'Life has been full of rewards, full of sadness.'
In a conversation withAshis Ray, Lord Swraj Paul says: "I am also so far the only person of foreign origin to have become deputy speaker of the House of Lords."
What was your relationship with Pranab Mukherjee like? What did you think of him?
I have a lot of respect and affection for Pranab. As you know I am a Calcutta man.
He was very well spoken. He was with Ajoy Mukherjee (who left the Congress to form the Bangla Congress party and become chief minister of West Bengal in 1967).
Mrs Gandhi one day told me, 'We need a good person in Calcutta.'
I said there's one person, I don't know him, but people speak highly of him, that's Pranab Mukherjee.
She said, 'If you think he's good, why don't you talk to him and ask if he would like to join us?'
That's how I contacted Pranab. I told him, 'If you have bigger ambitions, would you like to see her?' He said, 'Yes.'
So I sent him to Delhi. She liked him. He said there and then he would like to join.
She made him a Rajya Sabha member, gave him a ministry.
After that my relationship was extremely good right up to his death.
In 1983, you acquired significant shares in Escorts and DCM, but they were not registered and you had to ultimately sell your shares. What exactly happened?
(H P) Nanda (who controlled Escorts) had 7 per cent shares; I had 14 per cent.
Shrirams (who ran DCM) had 10 per cent; I had 15 per cent.
The rest of the shares were owned by the Indian government. I bought the shares from them.
I bought Nanda's shares from his sister-in-law. So how could they not register?
Pranab Mukherjee was finance minister at that time. Couldn't he have helped you?
The person who really made a mess, if you ask me, who is a very dear friend of mine and has been, was Manmohan Singh.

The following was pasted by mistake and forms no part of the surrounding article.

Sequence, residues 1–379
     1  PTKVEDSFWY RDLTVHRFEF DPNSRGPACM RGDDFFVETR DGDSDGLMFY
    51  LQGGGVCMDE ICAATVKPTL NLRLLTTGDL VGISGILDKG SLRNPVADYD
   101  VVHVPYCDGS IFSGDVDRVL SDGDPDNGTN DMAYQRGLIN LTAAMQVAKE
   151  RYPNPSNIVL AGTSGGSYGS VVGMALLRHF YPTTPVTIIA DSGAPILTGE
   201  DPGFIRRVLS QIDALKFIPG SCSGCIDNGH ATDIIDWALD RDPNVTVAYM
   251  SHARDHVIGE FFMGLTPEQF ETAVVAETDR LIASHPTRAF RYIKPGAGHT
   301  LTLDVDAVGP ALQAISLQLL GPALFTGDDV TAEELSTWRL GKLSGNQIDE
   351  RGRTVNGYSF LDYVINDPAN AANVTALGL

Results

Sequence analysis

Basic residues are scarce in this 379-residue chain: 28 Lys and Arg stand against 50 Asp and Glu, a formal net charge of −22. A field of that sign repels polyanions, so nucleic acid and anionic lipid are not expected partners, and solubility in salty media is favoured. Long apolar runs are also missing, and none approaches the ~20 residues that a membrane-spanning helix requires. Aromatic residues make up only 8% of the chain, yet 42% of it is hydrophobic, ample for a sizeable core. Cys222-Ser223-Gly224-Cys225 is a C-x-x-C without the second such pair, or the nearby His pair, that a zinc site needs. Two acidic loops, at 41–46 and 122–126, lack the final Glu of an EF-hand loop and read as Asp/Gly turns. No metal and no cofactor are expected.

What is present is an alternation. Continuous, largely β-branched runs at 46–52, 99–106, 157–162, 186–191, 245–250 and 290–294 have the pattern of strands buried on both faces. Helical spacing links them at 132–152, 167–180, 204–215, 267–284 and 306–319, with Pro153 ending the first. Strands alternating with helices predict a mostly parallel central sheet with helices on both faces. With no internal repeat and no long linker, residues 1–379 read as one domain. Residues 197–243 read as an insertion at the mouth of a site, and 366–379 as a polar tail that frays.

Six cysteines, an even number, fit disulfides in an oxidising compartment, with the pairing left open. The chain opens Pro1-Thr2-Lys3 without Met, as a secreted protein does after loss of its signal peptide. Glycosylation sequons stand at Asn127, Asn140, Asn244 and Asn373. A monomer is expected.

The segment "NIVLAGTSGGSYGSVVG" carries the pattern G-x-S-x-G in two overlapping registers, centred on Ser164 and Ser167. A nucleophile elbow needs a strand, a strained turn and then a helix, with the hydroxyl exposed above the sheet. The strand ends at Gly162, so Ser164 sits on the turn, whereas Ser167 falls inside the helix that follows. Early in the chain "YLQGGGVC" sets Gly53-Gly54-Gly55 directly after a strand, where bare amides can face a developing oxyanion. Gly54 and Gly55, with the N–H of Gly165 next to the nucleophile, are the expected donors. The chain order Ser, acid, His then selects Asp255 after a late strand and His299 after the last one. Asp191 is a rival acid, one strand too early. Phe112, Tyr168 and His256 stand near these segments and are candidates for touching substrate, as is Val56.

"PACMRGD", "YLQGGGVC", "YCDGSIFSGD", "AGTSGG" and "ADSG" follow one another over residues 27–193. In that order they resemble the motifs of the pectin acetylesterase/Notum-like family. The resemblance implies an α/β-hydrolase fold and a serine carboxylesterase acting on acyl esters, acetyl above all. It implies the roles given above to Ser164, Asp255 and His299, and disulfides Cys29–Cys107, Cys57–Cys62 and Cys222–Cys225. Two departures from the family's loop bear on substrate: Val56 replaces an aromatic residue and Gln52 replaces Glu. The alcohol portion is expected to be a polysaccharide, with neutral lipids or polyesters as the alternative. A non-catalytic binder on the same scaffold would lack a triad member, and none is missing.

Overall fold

He was Reserve Bank (of India) governor.
The matter went to court; the court said, 'Swraj Paul is right.'
The policy was that if the money comes through banking channels, the investment should be approved. Manmohan Singh decided to change the policy retrospectively.
How did your peerage come about?
In the 1980s I really built the business (in the UK).
I bought Fidelity, which made television sets. There was a lot of publicity.
In the 1990s I came to know London Zoo was likely to close. We used to take Ambika during her illness to the zoo. She used to love going there.
I found it very, very sad that it will close. I rang the zoo and said, 'I don't know how much you need, but I can give you £1 million.'
In 1996, John Major, who is a good friend, was prime minister.
All of sudden we got a surprise. Aruna and I were on a cruise when the captain comes and says, 'I have good news for you.' He hands me a letter from the prime minister. There it was.
But your name was proposed by Labour, wasn't it?
The leader of the Opposition Tony Blair had recommended this to John Major.
How did your friendship with Gordon Brown develop?
Since Gordon became an MP, we got along very well. We were both in the Labour party, so we used to get together.
What's been your experience as a member of Queen Elizabeth's Privy Council?
You are entitled to look at every paper of the government. I have no such desire.
Every now and then you can be called for a meeting with the queen.
The Privy Council meets almost every week. The queen takes the chair.
Bills are presented for final approval. But only five members are invited at a time.
I was the first Indian to be made a privy councillor from the Labour party.
How often does your turn come?
It can come once a year; it can come once in six months.
It depends on who has some expert knowledge on a matter.
I am also so far the only person of foreign origin to have become deputy speaker of the House of Lords.
What's your impression of Narendra Modi?
When I met him for the first time after he became prime minister, I told him I am an admirer of Mrs Gandhi. He appreciated it.
Looking back, what would you say?
Life has been full of rewards, full of sadness.
Feature Presentation: Rajesh Alva/Rediff.com